On Tuesday — as she asked that the government look to “ease burdens” on community banks “without harming consumers” — she stressed that the proposal in no way applied to larger financial institutions. “Let’s be clear about this: It’s not the big banks that need relief… It’s small banks and small businesses,” she said, restating her support for Dodd-Frank, the financial reform bill. “But we should pass common-sense community banking reform right now.”
“We should be able to walk and chew gum at the same time,” said Clinton.
She turned to one of the participants on the roundtable, Donna Sorensen, who chairs the board of Cedar Rapids Bank and Trust, and asked, “Isn’t that do-able?”
“I cannot tell you how many of us in the community banking world are thrilled to hear this,” said Sorensen. “We exist to support small businesses.”
Those who have worked with Clinton and her husband on small business initiatives in the past aren’t surprised to hear about her comments on the issue.
Betsy Myers, a senior official in Bill Clinton’s administration, worked first for the U.S. Small Business Administration, or SBA, as head of the women’s office.
“She is not going to come at these issues in a partisan way. Because they’re moderate. The Clintons are moderate,” said Myers. “You will never find a bigger advocate for small businesses than Hillary Clinton. She’s been a champion for 40 years.”
Myers recalled the Clintons’ efforts to promote micro-lending programs, and an SBA-led pre-qualification loan program that helped women, veterans, and others apply for and secure loans for new businesses. As president, Bill Clinton elevated the SBA director, then Erskine Bowles, to a cabinet-level position.
“We were so proud to work at the agency,” she said. “We felt connected to the White House — and we were at the table, not off to the side.”
“There isn’t a politician who will not try to represent themselves as a champion of small business. It’s like being against small babies and kittens,” said Jeff Milchen, the director a national confederation of advocacy groups for independent businesses, the American Independent Business Alliance.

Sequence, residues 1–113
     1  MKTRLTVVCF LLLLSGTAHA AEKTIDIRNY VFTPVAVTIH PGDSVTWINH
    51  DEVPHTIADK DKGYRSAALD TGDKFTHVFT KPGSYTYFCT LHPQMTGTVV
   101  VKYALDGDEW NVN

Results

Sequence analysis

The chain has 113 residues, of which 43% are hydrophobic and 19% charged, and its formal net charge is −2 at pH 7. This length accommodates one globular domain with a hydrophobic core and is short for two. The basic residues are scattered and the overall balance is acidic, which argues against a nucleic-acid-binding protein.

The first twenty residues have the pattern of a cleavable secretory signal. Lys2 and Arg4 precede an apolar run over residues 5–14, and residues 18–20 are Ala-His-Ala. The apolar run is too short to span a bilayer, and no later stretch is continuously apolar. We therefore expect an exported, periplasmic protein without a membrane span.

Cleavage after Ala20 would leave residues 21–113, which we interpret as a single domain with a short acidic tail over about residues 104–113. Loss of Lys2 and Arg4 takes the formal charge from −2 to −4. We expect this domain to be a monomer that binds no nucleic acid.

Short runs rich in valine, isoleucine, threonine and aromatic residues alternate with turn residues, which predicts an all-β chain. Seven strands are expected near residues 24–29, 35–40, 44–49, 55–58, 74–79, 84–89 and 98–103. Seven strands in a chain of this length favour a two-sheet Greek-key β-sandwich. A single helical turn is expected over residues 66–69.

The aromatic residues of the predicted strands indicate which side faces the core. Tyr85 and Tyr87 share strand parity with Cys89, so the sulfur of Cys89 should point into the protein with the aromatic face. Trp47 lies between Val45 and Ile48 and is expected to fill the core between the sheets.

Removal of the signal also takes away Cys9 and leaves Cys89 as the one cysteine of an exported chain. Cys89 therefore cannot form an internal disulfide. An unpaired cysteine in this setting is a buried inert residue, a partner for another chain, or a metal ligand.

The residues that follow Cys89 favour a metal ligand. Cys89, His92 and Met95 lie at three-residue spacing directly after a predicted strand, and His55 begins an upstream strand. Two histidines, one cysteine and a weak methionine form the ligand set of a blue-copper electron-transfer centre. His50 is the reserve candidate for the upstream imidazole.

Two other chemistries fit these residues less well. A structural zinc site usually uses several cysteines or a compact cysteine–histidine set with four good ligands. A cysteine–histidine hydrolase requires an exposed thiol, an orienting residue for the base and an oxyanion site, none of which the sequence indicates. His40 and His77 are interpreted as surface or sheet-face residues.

But small business owners also touch, in a direct and daily way, the very issues that shape a presidential election: health care, taxes, banking, and trade. Advocates point out that the small business community is often misunderstood as an ideological block, “monolithically anti-government, anti-tax, and anti-regulation,” said John Arensmeyer, the founder of the Small Business Majority, a liberal-leaning nonprofit. “The reality is that small business owners are pragmatic.”
A considerable share of the small business community will also have a stake in the outcome of a contentious ongoing debate over the Trans-Pacific Partnership, a 12-nation trade deal that has pitted progressives against the White House.
Small business experts said that most entrepreneurs would be wary of TPP. Those in the Democratic Party's left-wing believe the deal will hurt U.S. workers and wages, or ignore environmental protections. But the details of the trade deal — negotiated behind closed doors — have yet to be released.
"I wouldn’t go so far as to say it’s totally incongruous to make an argument in support of some of the things in the TPP," Milchen said of small business owners.
Without knowing the terms of the deal, "it’s almost an impossible question," Milchen added. "But there some ways that international agreements could help small businesses? Sure. Does this cover it? We have no idea yet."
Clinton has, on the same grounds, declined to take a clear position on the deal — or on whether Congress should grant President Obama the “fast track” authority to negotiate it. "I want to judge the final agreement," she said on Tuesday.
Clinton, though, has promised that she will make small business owners and entrepreneurs a priority of her campaign. As she told the owner of a family-owned furniture manufacturer in New Hampshire, where she held an event last month, “I can assure you that I don’t want to make your life any more onerous."
“I would not support anything that makes your business more difficult to run," she said. "You have a real business and real economic imperatives."